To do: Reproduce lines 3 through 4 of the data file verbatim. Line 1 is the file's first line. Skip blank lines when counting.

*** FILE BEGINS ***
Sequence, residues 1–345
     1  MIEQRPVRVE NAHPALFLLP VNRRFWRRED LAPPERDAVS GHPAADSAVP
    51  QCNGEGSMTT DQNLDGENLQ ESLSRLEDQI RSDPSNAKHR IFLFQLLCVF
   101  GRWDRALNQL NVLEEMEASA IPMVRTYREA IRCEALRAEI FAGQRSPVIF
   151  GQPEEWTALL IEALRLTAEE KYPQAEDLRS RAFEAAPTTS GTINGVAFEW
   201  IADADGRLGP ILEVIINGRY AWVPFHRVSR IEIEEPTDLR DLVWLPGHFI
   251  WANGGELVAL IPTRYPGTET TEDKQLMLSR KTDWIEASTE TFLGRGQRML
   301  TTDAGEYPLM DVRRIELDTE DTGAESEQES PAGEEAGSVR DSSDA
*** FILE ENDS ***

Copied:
    51  QCNGEGSMTT DQNLDGENLQ ESLSRLEDQI RSDPSNAKHR IFLFQLLCVF
   101  GRWDRALNQL NVLEEMEASA IPMVRTYREA IRCEALRAEI FAGQRSPVIF